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Well the Chrome browser fetches it and then renders it on the screen for human eyes.

The ranking algorithm probably doesn't "visualize" it the same way a human does.
2:48 am on Oct 13, 2019 (gmt 0)

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Well the Chrome browser fetches it
Except that there is no Chrome browser; it’s just a database sending a user-agent string to go with its request.

Imagine a different time, a different place, where there are no robots and all crawling is done by actual humans in {pick a poor country at random} sitting in front of actual computers running actual browsers yielding content that they then view with their actual eyeballs. In that scenario, the browsers probably would be extremely elderly--Chrome/41, say--that being all the humans could afford. But not in this time, this place.

:: wandering off to pursue mental picture of steampunk internet ::
3:07 am on Oct 13, 2019 (gmt 0)

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mental picture of steampunk internet

A Brazilian Guide to the Universe?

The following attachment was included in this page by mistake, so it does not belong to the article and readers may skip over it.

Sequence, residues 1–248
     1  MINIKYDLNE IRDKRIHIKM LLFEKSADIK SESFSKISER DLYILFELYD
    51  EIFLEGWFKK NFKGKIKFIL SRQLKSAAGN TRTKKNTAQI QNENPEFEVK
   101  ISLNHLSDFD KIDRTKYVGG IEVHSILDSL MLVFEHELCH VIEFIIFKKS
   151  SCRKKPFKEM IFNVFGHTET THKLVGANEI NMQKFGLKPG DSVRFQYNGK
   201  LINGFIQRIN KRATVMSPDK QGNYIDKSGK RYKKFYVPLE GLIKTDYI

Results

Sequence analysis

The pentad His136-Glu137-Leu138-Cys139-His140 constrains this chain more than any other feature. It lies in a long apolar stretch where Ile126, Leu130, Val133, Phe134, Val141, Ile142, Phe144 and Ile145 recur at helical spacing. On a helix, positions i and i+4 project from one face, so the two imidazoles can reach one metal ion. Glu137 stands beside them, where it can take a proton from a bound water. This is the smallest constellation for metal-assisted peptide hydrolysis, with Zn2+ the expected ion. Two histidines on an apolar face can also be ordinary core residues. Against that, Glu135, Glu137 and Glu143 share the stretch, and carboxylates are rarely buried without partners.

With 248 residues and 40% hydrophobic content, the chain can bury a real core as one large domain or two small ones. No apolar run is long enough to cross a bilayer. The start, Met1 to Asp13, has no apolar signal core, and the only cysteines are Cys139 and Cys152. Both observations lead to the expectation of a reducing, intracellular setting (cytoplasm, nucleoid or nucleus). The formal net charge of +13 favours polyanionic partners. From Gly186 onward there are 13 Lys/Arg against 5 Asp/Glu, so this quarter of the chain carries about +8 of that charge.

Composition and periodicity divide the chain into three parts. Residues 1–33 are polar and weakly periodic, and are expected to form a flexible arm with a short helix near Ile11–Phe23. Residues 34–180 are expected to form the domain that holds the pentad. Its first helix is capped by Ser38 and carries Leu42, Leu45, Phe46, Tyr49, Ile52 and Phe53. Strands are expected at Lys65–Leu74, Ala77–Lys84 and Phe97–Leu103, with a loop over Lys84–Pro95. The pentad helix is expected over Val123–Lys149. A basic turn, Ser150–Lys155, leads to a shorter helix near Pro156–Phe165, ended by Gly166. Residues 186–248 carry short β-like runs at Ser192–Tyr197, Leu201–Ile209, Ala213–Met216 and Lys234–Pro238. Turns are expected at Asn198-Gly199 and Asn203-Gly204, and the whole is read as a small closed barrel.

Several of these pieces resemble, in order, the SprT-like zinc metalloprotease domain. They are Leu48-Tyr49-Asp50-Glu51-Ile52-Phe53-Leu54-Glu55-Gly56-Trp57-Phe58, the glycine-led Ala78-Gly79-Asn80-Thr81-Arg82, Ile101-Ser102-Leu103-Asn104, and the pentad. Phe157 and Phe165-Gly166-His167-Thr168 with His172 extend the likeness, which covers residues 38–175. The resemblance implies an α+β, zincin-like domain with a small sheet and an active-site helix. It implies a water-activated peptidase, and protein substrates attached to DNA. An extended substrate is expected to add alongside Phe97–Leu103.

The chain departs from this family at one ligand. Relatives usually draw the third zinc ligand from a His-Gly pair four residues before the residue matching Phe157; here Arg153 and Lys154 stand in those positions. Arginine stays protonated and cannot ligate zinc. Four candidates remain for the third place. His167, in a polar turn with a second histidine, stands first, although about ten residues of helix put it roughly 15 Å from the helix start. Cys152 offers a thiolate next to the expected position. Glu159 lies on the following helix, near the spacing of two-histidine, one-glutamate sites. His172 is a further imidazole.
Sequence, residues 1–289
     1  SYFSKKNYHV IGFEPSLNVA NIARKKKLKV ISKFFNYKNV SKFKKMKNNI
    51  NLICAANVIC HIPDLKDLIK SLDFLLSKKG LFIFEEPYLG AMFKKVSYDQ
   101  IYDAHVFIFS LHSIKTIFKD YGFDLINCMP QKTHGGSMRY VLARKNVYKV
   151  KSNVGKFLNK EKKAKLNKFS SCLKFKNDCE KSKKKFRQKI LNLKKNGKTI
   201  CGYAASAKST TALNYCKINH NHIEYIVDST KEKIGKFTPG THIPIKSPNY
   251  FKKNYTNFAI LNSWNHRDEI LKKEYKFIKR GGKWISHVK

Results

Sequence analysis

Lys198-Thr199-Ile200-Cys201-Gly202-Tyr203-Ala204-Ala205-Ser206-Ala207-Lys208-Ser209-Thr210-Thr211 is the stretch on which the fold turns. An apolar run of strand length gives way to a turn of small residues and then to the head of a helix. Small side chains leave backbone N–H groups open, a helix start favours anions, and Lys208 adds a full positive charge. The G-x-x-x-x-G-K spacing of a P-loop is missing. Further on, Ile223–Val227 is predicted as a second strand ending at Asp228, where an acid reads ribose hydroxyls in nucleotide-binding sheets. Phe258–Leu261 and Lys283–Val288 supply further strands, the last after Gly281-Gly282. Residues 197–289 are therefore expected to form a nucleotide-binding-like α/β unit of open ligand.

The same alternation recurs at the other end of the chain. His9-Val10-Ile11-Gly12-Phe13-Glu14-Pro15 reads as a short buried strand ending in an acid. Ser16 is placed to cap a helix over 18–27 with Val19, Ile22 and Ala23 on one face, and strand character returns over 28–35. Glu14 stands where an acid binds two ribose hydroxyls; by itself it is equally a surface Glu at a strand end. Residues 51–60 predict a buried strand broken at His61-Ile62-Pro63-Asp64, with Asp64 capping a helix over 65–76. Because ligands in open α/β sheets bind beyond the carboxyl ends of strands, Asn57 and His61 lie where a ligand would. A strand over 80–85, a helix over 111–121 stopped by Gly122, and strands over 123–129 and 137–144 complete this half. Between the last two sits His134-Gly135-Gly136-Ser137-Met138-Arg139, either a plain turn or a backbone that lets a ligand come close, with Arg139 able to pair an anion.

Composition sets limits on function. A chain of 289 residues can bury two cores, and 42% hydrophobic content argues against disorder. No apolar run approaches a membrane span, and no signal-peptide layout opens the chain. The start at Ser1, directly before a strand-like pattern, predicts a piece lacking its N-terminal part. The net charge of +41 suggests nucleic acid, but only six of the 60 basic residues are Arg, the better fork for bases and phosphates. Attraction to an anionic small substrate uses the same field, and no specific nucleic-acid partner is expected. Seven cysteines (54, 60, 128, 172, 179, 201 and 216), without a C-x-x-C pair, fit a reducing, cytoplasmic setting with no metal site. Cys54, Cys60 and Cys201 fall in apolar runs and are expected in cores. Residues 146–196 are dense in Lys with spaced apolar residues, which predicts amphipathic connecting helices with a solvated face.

4:55 am on Oct 13, 2019 (gmt 0)

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Except that there is no Chrome browser; it’s just a database sending a user-agent string to go with its request.

I think it is worth pointing out that the html delivered by the server at the time of the request can look significantly to the final product, that is once the dom is fully loaded and rendered.
6:04 am on Oct 13, 2019 (gmt 0)

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can look significantly to the final product

¿ significantly different to ?

And of course it's not just the html; there's a reason the search engines want to see all your css and scripts, because that's what will determine what the human user ends up seeing. (To take the most blatant example, if a part of the page is styled as {display: none} or {color: transparent} or {font-size: 500%}, that's something the search engine needs to know.) And on top of that there's a reason why the major search engines always name some specific page as referer when requesting scripts and styles, as they've done for several years now. They want to be sure they're getting the same css that a human would get when viewing that page.